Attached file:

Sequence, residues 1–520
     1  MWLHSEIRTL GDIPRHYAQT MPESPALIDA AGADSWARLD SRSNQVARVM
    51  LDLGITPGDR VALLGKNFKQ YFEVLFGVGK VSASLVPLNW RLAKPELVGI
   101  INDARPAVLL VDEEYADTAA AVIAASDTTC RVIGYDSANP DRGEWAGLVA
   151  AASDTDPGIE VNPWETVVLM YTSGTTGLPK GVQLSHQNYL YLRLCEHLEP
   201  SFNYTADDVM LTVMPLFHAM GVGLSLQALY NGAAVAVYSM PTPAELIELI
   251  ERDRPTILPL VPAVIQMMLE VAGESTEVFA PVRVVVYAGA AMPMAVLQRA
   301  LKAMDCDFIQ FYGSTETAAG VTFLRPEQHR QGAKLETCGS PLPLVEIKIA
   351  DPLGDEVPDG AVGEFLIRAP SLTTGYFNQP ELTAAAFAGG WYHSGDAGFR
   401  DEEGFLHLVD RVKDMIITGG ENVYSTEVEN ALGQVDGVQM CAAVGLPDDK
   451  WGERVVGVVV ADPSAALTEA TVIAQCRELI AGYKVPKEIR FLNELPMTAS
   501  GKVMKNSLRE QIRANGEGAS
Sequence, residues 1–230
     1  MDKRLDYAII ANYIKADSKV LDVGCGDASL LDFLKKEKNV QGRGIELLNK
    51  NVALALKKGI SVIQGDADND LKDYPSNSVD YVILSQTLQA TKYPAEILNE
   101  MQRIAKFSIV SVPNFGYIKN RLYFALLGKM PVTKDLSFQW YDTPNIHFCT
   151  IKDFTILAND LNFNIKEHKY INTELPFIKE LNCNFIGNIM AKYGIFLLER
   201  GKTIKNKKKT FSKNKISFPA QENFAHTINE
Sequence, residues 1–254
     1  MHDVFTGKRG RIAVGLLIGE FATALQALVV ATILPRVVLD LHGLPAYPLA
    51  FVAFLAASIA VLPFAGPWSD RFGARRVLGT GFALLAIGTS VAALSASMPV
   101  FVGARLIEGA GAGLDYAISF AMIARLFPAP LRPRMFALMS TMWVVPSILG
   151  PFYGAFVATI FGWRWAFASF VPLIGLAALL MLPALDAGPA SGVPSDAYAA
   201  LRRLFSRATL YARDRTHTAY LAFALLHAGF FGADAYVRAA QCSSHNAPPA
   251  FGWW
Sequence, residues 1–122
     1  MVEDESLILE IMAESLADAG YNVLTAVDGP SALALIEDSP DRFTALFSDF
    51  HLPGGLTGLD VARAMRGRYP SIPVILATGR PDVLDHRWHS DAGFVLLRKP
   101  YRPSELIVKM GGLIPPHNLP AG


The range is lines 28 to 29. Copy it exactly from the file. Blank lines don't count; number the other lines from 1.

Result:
    51  HLPGGLTGLD VARAMRGRYP SIPVILATGR PDVLDHRWHS DAGFVLLRKP
   101  YRPSELIVKM GGLIPPHNLP AG